8 Page 8 approved. Before approving and accepting a fire alarm system, the AHJ will want written proof that operational acceptance tests have been completed. Proper documentation in the form of a Record of Completion serves as evidence that this has occurred. A sample Record of Completion form can be found in NFPA 72(99) see Figure NFPA 72(99), Sec requires that all fire alarm systems modified after the initial installation have the original record of completion revised to show all changes from the original information, including revision dates. The installing contractor is required, at a minimum, to provide you with the following [see NFPA 72(99), Sec ; MSFC(07), Sec ]: 1. Name of installation contractor 2. Record of completion 3. Owner s manual and installation instructions covering all system equipment. This should include: a. A detailed narrative description of the system b. Operator instructions for basic system operations c. A detailed description of routine maintenance and testing as required and recommended, including: Listing of the individual system components that require periodic testing and maintenance Step-by-step instructions detailing the requisite testing and maintenance procedures, and the intervals at which these procedures need to be performed, for each type of device installed A testing and maintenance schedule d. Detailed troubleshooting instructions e. A service directory that includes a list of the names and telephone numbers of those who provide service for the system 4. Record drawings Semiannual/annual records A sample semiannual inspection and battery inspection/test log has been developed to serve as a guide that you can use in creating your own log. A completed log is provided to serve as an example of how the log is expected to be filled out. Click Here for Sample Inspection/Test Log A sample annual inspection and testing form can be found in NFPA 72 [see NFPA 72(99), Figure or NFPA 72(02), Figure ]. This form is also available on the Minnesota Health Care Engineers Association s web site ( While some fire alarm companies simply photocopy this sample for use in documenting their annual visits, many others will create their own forms. That s okay as far as NFPA 72 is concerned, so long as all the applicable information requested in Figure / is included in their form.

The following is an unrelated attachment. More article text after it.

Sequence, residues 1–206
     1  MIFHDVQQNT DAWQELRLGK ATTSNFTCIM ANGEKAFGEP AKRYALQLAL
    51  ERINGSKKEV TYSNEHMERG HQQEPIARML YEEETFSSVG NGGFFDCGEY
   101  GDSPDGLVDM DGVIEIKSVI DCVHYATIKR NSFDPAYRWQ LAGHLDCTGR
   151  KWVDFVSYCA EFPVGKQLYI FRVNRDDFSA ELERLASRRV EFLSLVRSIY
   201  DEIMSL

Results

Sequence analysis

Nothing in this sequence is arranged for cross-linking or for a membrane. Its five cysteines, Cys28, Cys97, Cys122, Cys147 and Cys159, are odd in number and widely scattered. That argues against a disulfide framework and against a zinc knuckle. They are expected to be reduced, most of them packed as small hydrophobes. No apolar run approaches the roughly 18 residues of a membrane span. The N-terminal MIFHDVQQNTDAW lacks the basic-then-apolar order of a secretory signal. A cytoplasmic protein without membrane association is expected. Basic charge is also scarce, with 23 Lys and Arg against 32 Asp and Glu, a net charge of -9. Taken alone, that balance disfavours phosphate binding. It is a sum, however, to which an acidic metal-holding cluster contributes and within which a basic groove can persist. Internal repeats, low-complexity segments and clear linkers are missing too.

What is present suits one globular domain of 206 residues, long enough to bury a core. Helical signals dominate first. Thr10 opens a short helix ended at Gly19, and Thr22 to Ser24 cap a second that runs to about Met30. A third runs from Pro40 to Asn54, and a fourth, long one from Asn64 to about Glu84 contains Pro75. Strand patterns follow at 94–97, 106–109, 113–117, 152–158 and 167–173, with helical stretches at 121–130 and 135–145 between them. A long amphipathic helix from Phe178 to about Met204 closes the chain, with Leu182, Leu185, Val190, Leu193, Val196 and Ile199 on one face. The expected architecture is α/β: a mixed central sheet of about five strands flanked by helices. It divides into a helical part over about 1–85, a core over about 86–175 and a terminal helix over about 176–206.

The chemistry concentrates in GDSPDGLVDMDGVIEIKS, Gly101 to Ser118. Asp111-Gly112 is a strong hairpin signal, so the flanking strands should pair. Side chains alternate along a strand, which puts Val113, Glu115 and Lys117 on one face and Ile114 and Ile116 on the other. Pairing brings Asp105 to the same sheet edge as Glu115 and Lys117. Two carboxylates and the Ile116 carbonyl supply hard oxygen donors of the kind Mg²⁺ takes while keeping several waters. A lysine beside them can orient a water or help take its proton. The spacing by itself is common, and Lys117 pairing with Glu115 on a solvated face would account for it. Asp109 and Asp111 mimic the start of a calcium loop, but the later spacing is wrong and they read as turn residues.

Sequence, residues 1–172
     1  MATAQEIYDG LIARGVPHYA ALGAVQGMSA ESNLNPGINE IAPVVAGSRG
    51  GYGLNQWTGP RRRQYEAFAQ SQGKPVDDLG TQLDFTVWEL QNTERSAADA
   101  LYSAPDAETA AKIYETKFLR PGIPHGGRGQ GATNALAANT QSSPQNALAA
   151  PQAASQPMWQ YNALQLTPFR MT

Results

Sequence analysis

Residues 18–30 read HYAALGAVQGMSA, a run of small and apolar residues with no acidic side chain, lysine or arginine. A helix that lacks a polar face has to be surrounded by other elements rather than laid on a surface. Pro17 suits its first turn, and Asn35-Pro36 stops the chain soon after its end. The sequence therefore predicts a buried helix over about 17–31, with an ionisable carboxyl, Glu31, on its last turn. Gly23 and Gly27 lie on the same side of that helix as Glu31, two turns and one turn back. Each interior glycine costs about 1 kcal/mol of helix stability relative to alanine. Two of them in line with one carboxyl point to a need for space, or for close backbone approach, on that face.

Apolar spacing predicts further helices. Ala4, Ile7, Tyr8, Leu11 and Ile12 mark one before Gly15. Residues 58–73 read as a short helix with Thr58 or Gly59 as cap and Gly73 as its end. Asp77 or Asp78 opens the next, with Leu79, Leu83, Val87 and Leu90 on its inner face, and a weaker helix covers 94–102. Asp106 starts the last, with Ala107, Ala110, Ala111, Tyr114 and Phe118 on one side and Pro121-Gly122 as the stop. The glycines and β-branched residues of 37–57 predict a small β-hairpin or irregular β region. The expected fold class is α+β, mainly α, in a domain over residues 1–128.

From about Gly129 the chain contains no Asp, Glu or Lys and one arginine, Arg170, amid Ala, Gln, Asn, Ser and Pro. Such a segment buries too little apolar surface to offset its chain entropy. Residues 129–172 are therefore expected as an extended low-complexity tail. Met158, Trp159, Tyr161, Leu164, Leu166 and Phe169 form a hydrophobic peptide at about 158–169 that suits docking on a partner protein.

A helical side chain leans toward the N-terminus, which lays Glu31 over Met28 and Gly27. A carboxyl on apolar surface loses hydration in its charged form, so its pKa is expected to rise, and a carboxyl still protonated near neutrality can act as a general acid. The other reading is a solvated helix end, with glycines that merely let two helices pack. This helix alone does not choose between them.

9 Page 9 A word of caution would be in order here, however. Experience from Federal Monitoring Surveys performed by the Centers for Medicare and Medicaid Services (CMS) has shown that CMS surveyors are insisting on the use of either the NFPA 72 form or a form that includes ALL of the same information. Failure to use the NFPA 72 (or similar) form and fill it in completely (including marking non-applicable portions N/A in some fashion) will likely result in the issuance of a fire alarm testing/maintenance (K052) deficiency. It is strongly recommended, therefore, that facilities consider insisting that their fire alarm contractors use the NFPA 72 form to document annual inspection and testing. Smoke detector sensitivity testing Sensitivity tests must be properly documented to include detector location, the listed sensitivity range of the detector, tested sensitivity range, pass/fail, date of test, and name of person performing the testing. A sample smoke detector sensitivity testing log has been developed to serve as a guide that you can use in creating your own log. A completed log is provided to serve as an example of how the log is expected to be filled out. Click Here for Sample Sensitivity Test Log Battery-operated smoke detectors testing/maintenance Documentation must be provided to show that battery-operated smoke detectors are being tested and maintained in accordance with the manufacturer s instructions. This documentation should include: A copy of the manufacturer s instructions that accompanied the detectors at time of purchase, and A log showing the tests and maintenance performed in accordance with those instructions. A sample battery-operated smoke detector testing/maintenance log has been developed to serve as a guide that you can use in creating your own log. A completed log is provided to serve as an example of how the log is expected to be filled out. Click Here for Sample Battery-Operated Smoke Detector Log It s important that at least two people in your facility know where your records are kept to help ensure that they can be readily provided when requested during an inspection. MSFC(07), Sec requires that these records be maintained on the premises for at least three years (longer if smoke detector sensitivity testing is extended out to 5-year intervals) and must be copied for the fire code official upon request.